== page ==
Such deviant behaviour, and subsequent judgements, await the follicle snippings of Timothy Cushing when he makes it that big. This is the price of fame.

Timothy Cushing is crafty – in every sense: his songs are both sneakily insidious and subtly constructed to give the air of quickly cast-off folk-rock. In reality, of course, songs like Dandelion Wine have been sweated over and refined more times than a bottle of expensive vodka.

Timothy Cushing // Dandelion Wine

Dandelion Wine‘s guitars chime, the lazy beat shuffles, and while Tim relays a story of half-shrugged melancholy, it’s hard to deny that all is just A-OK in the world.

It’s a song you’ll be sure you’ve sung along to before, but can’t remember when or where. This is because you haven’t, and is also the reason why it is such a good song.

From a cursory glance, I can make these judgements on Tim Cushing’s hair: it’s brown – though not ‘incredibly’ – and it may be harbouring pockets of excitement. The smell, alas, is so far unrecorded. This information is not hankered after yet. But with songs like Dandelion Wine in his armoury, it’s just a matter of time.


Something Beginning With L and Manda Rin

You know, rummaging around in the grubby dustbin of Indie is undeniably an act of escapism both for its practitioners and followers – and so when a dose of real life crawls up your trouser leg and grabs you by the delicates, your head spins that bit faster.

An unwelcome example: Manda Rin from fabulously carefree 90’s lo-fi Teen C heroes Bis has Multiple Sclerosis. She blogged about it a couple of weeks ago, and it’s a sobering, uplifting read: blunt, bold, positive.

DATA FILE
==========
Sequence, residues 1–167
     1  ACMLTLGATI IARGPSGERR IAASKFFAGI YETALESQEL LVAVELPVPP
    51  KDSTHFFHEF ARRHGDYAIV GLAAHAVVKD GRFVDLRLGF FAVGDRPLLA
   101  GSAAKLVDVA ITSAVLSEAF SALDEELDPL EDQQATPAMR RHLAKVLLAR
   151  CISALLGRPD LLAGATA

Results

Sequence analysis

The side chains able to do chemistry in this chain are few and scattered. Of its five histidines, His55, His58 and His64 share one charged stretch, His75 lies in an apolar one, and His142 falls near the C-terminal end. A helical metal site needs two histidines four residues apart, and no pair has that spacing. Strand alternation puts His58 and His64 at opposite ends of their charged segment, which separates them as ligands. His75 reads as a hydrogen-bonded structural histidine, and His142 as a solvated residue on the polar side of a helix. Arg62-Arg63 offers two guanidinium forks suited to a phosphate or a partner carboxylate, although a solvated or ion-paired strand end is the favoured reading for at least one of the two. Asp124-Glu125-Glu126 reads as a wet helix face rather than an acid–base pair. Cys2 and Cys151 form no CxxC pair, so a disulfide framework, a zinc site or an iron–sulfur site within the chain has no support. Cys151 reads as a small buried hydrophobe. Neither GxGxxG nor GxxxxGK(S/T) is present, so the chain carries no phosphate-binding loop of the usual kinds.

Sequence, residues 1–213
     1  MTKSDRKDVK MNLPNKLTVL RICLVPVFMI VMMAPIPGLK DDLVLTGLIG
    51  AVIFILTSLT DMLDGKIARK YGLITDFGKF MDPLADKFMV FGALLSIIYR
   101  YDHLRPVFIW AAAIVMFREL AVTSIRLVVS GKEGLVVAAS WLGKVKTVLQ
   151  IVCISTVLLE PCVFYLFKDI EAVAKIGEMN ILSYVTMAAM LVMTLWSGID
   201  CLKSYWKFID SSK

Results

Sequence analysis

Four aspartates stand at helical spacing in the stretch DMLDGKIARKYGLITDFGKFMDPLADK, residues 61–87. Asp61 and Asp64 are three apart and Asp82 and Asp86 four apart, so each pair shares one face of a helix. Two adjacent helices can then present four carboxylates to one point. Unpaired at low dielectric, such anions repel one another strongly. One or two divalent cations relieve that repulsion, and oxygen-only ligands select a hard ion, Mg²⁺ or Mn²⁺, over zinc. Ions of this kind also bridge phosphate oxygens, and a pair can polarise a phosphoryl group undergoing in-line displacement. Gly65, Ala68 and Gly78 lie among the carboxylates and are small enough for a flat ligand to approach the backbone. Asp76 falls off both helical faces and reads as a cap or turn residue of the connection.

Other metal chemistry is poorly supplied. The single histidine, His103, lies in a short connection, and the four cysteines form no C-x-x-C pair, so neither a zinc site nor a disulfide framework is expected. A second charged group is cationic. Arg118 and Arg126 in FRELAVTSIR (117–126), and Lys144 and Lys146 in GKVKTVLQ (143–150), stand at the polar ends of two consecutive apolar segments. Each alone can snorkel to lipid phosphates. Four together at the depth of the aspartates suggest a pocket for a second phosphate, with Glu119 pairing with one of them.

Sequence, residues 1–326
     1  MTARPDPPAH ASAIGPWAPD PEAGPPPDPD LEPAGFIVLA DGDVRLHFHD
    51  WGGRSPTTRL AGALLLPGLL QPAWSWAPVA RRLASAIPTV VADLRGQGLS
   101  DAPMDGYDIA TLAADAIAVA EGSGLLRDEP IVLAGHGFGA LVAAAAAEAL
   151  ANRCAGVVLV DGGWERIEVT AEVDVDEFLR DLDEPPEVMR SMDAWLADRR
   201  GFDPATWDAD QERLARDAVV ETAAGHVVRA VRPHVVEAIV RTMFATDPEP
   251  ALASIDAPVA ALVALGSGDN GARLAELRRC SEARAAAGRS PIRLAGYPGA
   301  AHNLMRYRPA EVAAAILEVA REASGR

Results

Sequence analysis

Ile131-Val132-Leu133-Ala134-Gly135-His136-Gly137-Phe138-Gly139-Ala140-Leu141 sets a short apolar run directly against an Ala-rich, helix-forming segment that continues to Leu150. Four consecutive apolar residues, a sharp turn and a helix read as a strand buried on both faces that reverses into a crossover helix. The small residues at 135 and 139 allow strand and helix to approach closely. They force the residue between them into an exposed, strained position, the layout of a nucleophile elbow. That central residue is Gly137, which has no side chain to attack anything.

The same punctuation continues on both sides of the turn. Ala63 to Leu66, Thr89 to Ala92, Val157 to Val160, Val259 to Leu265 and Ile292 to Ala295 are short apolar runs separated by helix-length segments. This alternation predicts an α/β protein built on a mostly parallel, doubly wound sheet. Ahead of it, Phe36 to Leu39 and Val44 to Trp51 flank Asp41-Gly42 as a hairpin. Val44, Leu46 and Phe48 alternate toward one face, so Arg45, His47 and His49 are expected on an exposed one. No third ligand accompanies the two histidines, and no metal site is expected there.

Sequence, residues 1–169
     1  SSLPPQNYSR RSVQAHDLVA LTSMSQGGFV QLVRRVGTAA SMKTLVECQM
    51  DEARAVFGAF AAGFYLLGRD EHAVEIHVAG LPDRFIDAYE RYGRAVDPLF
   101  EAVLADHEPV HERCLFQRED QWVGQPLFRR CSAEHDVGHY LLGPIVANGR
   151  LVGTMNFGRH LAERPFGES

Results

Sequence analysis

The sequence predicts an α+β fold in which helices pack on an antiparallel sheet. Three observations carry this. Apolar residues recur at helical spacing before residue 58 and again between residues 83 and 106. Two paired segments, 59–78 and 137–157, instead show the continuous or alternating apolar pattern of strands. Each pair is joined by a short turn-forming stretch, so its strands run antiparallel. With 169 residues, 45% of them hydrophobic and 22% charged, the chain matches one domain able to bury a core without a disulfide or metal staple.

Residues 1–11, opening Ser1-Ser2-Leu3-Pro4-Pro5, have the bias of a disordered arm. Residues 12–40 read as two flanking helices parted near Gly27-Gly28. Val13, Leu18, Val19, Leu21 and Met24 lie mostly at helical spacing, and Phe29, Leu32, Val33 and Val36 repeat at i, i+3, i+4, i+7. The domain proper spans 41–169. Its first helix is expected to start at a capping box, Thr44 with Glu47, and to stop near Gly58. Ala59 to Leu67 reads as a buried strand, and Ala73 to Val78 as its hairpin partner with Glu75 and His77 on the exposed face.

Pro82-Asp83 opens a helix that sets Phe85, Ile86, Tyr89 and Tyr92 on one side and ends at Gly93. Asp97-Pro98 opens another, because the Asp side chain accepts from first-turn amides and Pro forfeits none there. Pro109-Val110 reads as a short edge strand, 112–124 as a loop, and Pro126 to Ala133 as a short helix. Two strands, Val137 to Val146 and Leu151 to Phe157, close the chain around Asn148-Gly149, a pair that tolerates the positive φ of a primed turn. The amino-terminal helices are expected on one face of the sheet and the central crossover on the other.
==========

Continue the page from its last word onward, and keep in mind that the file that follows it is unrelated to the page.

I loved Bis then, did when they reformed for a few gigs a while ago, and still do now. All cynicism, archness and snobbery is set aside today: Manda, we sincerely wish you all the best.

Perhaps it would have been apt to feature a band today that owed something to the scurrilously upbeat influence of Bis, but it wasn’t to be. What do you want, sincerity and thoughtful structuring in one day?

Something Beginning With L’s Say does hark back the the very mid-90s, but owes more in its slouching attitude to Elastica: the casual sneer, the guitars that are sharp but fuzzy, the ominously rumbling bass, the louche female vocals.

They find that same fuzzy sound/even fuzzier minds groove and work into their own gully, forming a song that’s familiar yet brand new.

Something Beginning With L – Say

Say is an excellent song – angular but not clichéd, disenfranchised but not sloppy, apathetic but still fierce. It’s exactly the kind of song that is tempting, and yet so hard to do –  seemingly effortless, drawling, four-square rock.

Something Beginning With L get it right, parcelling up all that they want – and all that we need – into a satisfying package. Great.


Swimming In Mist, and For Sale: Sony Ericsson W880i (casing has minor teeth-marks and bloody streaks)

Swimming In Mist: A Literal Interpretation

How to induce a technologically-assisted breakdown in a zillion easy steps:

The process begins with breaking your phone by dropping it in a strip club that you never even wanted to be in in the first place, and then ends with you finally managing to fix the phone after a full ten days of hassle.

But only assuming you’ve ordered a special cable, special software, and spent hours tinkering with the computer, and stifled a sob upon realising that all of your contacts’ phone numbers have vanished, and you have no way of retrieving them other than asking each person individually on Facebook, which you hate even more than fixing mobile phones.